Tuesday, August 21, 2012

Amish and Free Thought

The Amish and Free Thought: trying to think this through 

I live near beautiful tourist ridden Amish Country of Lancaster County, Pennsylvania.  A place where you can travel down a scenic road in an automobile and have to slow to a crawl because the vehicle in front of you is a one horse power buggy.  Some of these Amish (and Mennonite and Brethren) have homes and workplaces that are free of electricity, and the internal combustion engine.  This part of Pennsylvania was a haven for those who generations before fled the persecution of the Rhineland area for their out of ordinary beliefs for the welcoming more religiously tolerant Pennsylvania, a proprietary English colony founded by Quaker William Penn.  Today the Anabaptist group of the above mentioned Amish, Mennonites, and Brethren have broken into a multitude of smaller,  and smaller sects.  Some Mennonites don plain dress and drive plain black cars (black bumper Mennonites), others may look not a thing considered stereotypically "Mennonite," except the women do not have pierced ears.  Yet, other Anabaptist wear traditional zipper free clothes and read by the light of a kerosene lamp at night.  Each of these subgroups broke away from other groups and sometimes meld into yet groups a number of times, and continue to do so.  Once I studied (in an introductory sense) all of this Pennsylvania Dutch culture in my anthropology class in undergrad and later was friends with some quite contemporary Mennonites. Between the class and having friends steeped in the culture I learned how varied and split up the Anabaptist are in such a small area.  I was astonished.  To be honest, my thought was "What wrong with these folks?  You all basically believe the same thing just get along'n junk."

I cannot help but note a burgeoning and vaguely similar outline today with the free thought movement  of rationalist, skeptical, humanist, and atheist.  Now within organized atheism there is a movement to split away from the humanist and old order atheist (my term) and form a third wave of atheism.  I do not follow the modern atheist movement all that closely.  Yes, I know it exists, and I admire more of a few of the active atheist such as Kylie Sturgess.  I am not big into the humanism, although I admire some who are active humanist such as Hayley Stevens.  Both Sturgess and Steven also happen to be quite accomplished skeptics too as if I have to remind the reader.  I agree with the general thought process of both noted groups, and I do not begrudge those who wish to be active in such activities.  Neither one is for me.

I see myself as a skeptic.  Perhaps not a shining example of skepticism, or a mover and shaker, but  scientific skepticism is something that I can get behind.  I stipulate there is a large overlap between skeptics, atheist, humanist, feminist, progressive, libertarians and probably other groups too.  There are also those who wish to see themselves as just one of the many free thought/rationalist categories that are bandied about these days.  I do think good fences do make good neighbors between the above groups, and although a person can belong to more than one of the above groups, it is imperative to know which hat one is wearing at any given time.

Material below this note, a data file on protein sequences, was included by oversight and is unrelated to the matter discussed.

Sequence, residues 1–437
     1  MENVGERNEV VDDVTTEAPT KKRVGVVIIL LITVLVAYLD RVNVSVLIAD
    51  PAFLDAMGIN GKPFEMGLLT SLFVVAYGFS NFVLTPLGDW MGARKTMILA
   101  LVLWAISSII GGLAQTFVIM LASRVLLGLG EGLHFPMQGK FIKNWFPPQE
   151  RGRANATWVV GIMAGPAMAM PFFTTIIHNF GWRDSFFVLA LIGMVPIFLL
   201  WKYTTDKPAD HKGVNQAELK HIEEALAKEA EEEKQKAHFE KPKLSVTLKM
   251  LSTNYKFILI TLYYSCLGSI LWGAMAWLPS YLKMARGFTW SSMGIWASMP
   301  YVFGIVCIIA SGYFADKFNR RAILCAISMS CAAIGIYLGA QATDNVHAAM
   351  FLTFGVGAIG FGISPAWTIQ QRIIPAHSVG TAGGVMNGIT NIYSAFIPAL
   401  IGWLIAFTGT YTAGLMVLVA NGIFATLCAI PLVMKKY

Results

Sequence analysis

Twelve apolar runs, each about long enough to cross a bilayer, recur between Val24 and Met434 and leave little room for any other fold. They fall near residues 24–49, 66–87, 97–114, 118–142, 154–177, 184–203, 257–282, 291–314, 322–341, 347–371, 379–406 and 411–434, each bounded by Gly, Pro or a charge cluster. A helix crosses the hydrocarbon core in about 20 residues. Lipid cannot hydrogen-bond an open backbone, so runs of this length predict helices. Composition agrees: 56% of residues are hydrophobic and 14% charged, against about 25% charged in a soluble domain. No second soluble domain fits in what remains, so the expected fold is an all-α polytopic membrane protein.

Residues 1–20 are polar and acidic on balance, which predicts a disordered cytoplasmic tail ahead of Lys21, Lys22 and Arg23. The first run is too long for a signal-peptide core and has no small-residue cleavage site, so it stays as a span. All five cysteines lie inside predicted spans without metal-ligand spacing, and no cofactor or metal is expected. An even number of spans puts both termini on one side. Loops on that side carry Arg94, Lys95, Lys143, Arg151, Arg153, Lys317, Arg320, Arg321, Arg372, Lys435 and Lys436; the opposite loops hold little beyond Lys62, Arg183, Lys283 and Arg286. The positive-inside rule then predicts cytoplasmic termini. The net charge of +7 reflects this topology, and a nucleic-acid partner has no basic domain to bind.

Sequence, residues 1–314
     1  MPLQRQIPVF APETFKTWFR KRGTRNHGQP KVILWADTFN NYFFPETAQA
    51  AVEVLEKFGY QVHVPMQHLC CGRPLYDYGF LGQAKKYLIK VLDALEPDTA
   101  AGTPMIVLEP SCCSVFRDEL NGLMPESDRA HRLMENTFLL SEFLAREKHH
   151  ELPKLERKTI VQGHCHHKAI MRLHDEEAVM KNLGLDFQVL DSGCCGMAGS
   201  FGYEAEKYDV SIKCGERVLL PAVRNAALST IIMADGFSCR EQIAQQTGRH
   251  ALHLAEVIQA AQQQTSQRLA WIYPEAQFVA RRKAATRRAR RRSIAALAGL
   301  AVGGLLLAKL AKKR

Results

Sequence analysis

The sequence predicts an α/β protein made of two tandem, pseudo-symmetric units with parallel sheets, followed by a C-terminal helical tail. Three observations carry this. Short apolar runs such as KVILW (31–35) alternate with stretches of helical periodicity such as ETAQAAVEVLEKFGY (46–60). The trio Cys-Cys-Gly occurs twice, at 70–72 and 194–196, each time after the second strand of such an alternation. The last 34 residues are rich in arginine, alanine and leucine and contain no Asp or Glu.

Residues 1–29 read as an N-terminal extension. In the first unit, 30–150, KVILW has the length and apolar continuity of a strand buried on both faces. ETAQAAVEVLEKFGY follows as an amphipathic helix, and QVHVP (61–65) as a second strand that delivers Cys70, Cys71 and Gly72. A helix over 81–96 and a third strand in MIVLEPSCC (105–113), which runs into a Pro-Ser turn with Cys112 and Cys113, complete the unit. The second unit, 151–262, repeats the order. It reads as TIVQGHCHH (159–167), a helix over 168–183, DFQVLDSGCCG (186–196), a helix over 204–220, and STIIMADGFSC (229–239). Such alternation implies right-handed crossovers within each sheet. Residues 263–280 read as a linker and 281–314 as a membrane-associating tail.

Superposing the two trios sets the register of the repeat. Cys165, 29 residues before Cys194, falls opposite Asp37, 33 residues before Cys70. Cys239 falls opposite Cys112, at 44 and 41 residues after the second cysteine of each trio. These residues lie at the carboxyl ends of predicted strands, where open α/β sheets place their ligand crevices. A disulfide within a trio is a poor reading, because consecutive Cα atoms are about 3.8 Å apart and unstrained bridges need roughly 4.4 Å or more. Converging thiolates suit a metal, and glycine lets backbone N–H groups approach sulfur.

A Happy Kylie Sturgess

Yet, I also think especially as active atheism might be splitting into a new subcategory, which is a more politically aware variant, to ponder what someone looking in at all this might think.  Does it look rational?  Does it appear to make sense?  Is it welcoming or off putting? The landscape is clearly getting more complex.  The line is over used that "free thought folks are like herding cats," but if cats appear too unruly then dogs sure might look like a better bet.  I am not advocating that there ought to be maximum leader in charge of the atheist or skeptics to impose order.  To be honest, I am not sure what is the solution, but it does bother me that breaking down to smaller and smaller subsets might appear a bit loony to the outside world.  I suppose free thought people are just has human as the Anabaptist, and liable to do the same things even thought the world views are at near complete odds .  Sure good fences make sense, but when the neighborhood keeps getting subdivided it starts looking weird to outsiders.  

Back to the regular material:

Not Amish
While I am in front of my Mac, I might as well note that Kylie Strugess has release on her Token Skeptic podcast Dr. Steven Novella's talk given at the 2011 Q.E.D. Con.  Dr. Novella's lecture is on why the human brain is a kludge that is quite fallible, and so easily fools people into irrationality.  I really do appreciate these type of episodes where Sturgess uses her podcast as an outlet to allow a wider audience to share in such an event.  Dr. Novella gives a very interesting 45 minute talk with a few audience questions at the end as a bonus.

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